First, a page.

These incidents and trends underscore the severity of risks to essential services and emphasize why standards like NERC CIP are so crucial. Hardening security postures, maintaining vigilance, and improving incident response capacities can help companies better thwart attacks.

Synergies Between NERC CIP and Other Cybersecurity Frameworks

NERC CIP standards have strong synergies with best practices promoted under other cybersecurity frameworks as well, like the NIST Cybersecurity Framework. CISA actively advises critical infrastructure owners and operators to align their security controls with NERC CIP while also implementing complementary best practices. 

This integration results in a more robust defense strategy with overlapping safeguards across various standards and guidelines.

Challenges in Implementing NERC CIP Standards 

Despite the valuable security benefits, implementing NERC CIP standards can prove challenging even for sophisticated organizations. The complexity of systems that support critical services means security teams must gain deep visibility and implement controls that balance both reliability and protection.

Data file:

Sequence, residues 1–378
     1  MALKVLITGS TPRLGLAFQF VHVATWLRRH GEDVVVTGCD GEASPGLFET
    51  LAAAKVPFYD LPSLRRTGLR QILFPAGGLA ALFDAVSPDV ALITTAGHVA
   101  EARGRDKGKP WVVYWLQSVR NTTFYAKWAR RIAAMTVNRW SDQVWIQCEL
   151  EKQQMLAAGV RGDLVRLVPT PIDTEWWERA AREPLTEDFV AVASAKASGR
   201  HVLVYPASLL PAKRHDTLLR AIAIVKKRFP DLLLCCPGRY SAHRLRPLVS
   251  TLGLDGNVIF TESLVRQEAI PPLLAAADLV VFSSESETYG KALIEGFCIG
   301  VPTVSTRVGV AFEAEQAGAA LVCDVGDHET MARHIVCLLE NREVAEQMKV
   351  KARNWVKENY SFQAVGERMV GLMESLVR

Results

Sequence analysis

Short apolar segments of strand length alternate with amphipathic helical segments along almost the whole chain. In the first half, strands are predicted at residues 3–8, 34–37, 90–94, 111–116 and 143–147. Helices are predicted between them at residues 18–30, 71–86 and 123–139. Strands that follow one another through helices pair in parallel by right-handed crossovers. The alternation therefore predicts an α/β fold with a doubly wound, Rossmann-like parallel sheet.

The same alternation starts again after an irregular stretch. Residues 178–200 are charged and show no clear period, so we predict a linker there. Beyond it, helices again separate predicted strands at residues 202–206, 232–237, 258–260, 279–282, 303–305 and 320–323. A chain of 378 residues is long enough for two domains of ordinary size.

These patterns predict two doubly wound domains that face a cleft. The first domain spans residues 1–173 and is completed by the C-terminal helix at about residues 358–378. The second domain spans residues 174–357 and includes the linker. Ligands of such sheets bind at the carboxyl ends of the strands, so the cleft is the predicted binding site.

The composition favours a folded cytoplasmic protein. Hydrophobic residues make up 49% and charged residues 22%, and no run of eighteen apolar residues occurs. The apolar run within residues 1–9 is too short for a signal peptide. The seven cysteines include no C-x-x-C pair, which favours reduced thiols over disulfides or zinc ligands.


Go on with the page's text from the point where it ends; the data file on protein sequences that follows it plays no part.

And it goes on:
Meanwhile, the threat landscape continues to rapidly evolve with new attacker tools, techniques, and vulnerabilities emerging constantly. Maintaining compliance as risks evolve demands substantial resources and diligence.

Best Practices for NERC CIP Implementation

To address common challenges in implementing NERC CIP, organizations should focus on best practices such as:

  • Conducting regular cybersecurity risk assessments informed by the latest threat intelligence to gain visibility into gaps and prioritize remediation based on real-world attacks. Both internal and external assessments are advised.
  • Promoting tighter collaboration between IT and OT teams through cross-training, unified risk management, and consistent communication channels. Breaking down silos is key.
  • Developing and drilling detailed cybersecurity incident response plans that outline roles, strategies for containment, eradication steps, communication flows, and more. Drills validate readiness.
  • Investing adequately in modern security tools, systems, and personnel to keep pace with the volume and complexity of threats while maintaining rigorous standards.
  • Pursuing compliance milestones ahead of the deadline to avoid last-minute risks and issues. Building lead time allows more flexibility in addressing problems.